Assessing and treating cardiovascular disease (or heart disease) is a growing concern for institutions housing great apes, as it is a major cause of mortality in all four taxa managed in human care. As part...

This is the 5th volume of selected discussions that took place on the electronic Laboratory Animal Refinement & Enrichment Forum between February 2016 and December 2019. The forum was created in October 2002; it allows...

Some captive breeding colonies of rhesus macaques live in large outdoor multimale, multifemale social groups. These groups are composed of several matrilineal families, governed by a clear female dominance hierarchy. Aggression within the same or...

Positive reinforcement training (PRT) is associated with increases in species-typical behavior and decreases in stereotypic and abnormal behavior in participating animals. Physiological changes following PRT, for example, increases in oxytocin (OXT) and/or decreases in cortisol...

Elective health checks form an important part of the preventative healthcare of many zoo-housed animals. These procedures are not without risk or financial expenditure, meaning careful cost–benefit analysis is required when determining the frequency and...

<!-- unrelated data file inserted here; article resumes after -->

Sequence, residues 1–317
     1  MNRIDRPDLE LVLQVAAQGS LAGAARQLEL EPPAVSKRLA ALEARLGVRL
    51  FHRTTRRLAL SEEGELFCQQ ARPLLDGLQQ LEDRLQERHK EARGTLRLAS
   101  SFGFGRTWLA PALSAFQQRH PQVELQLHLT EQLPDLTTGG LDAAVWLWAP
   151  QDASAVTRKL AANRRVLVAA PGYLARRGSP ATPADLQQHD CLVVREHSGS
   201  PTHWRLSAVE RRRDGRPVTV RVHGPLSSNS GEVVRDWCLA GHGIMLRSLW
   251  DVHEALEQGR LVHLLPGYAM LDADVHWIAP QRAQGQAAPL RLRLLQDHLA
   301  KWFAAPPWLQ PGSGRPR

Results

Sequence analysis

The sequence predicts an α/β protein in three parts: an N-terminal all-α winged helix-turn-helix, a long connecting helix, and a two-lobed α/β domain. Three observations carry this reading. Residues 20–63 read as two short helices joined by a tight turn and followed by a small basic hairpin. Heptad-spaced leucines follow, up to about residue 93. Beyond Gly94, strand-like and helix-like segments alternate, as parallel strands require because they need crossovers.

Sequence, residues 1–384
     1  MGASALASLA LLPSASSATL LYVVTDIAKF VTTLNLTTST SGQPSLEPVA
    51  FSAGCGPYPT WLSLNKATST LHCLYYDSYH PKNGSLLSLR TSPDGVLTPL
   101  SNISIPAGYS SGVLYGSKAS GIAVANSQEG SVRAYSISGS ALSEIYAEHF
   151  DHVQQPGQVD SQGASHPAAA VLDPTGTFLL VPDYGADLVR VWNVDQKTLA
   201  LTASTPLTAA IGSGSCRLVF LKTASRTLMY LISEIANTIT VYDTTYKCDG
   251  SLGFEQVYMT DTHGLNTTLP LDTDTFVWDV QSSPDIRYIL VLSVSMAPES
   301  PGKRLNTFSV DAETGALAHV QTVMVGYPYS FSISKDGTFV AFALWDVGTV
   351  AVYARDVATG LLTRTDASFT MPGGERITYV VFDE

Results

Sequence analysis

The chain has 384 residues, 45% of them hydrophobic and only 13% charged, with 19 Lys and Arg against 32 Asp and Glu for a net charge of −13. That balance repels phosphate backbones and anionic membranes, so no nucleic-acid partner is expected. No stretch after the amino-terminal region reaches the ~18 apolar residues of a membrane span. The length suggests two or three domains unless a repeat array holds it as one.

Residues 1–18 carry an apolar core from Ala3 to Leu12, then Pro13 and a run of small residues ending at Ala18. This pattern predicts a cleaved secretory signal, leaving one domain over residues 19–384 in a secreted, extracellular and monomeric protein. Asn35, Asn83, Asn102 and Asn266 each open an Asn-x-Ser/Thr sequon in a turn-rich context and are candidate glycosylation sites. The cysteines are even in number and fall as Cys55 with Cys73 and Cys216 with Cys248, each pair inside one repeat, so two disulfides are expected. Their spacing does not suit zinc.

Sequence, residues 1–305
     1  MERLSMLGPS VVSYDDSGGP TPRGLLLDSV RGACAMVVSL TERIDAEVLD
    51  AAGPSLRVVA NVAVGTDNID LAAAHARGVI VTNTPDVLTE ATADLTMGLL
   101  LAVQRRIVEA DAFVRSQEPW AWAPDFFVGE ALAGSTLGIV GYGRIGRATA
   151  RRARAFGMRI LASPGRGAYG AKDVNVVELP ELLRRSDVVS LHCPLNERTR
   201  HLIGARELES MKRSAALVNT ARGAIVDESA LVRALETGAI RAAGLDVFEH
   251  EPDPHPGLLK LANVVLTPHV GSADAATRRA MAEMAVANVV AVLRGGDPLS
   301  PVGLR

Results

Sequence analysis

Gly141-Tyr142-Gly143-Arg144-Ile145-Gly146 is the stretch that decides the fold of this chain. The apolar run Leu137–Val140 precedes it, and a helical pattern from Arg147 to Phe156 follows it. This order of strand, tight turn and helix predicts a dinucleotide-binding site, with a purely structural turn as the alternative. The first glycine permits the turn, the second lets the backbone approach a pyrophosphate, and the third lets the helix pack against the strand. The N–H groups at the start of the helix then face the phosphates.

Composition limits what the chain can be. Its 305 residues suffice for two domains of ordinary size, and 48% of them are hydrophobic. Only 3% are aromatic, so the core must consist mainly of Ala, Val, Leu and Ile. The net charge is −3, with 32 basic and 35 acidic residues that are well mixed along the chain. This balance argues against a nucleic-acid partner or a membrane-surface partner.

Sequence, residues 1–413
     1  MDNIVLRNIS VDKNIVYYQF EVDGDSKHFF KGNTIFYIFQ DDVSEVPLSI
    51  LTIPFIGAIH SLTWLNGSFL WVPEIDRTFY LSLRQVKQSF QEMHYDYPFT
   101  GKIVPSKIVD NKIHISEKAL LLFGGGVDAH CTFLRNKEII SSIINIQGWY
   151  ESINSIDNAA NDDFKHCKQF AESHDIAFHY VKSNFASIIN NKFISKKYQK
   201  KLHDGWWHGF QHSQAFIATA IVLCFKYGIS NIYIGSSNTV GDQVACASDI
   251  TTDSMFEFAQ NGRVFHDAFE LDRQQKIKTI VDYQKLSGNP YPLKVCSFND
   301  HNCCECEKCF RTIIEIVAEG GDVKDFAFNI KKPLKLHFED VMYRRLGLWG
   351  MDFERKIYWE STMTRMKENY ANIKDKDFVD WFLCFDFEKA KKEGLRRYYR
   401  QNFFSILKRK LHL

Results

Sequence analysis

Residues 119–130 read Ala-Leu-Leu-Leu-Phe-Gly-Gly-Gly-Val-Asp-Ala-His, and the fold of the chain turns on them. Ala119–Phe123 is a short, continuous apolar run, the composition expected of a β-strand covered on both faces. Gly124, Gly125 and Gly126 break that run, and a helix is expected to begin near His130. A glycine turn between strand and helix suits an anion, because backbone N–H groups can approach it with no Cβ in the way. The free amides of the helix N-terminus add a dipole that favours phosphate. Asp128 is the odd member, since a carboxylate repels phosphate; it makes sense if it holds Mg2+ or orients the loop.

This article describes a protocol for training capuchins for co-operative feeding. Three months after beginning the training, the two dominant individuals consistently stay stationed, calmly focused, and the keeper is able to hand the subordinate...

Rabbits are the third species in terms of number of animals reared for meat production in the world. However, in comparison to other species, very few studies have focused on their welfare. The aim of...

Despite the importance for both animal welfare and scientific integrity of effective welfare assessment in non-human primates, there has been little or no consensus as what should be assessed. A Delphi consultation process was undertaken...

Measuring body surface temperature changes with infrared thermography has recently been put forward as a non-invasive alternative measure of physiological correlates of emotional reactions. In particular, the nasal region seems to be highly sensitive to...

The revised fifth edition of Clinical Laboratory Animal Medicine: An Introduction is an accessible guide to basic information for conducting animal research safely and responsibly. It includes a review of the unique anatomic and physiologic...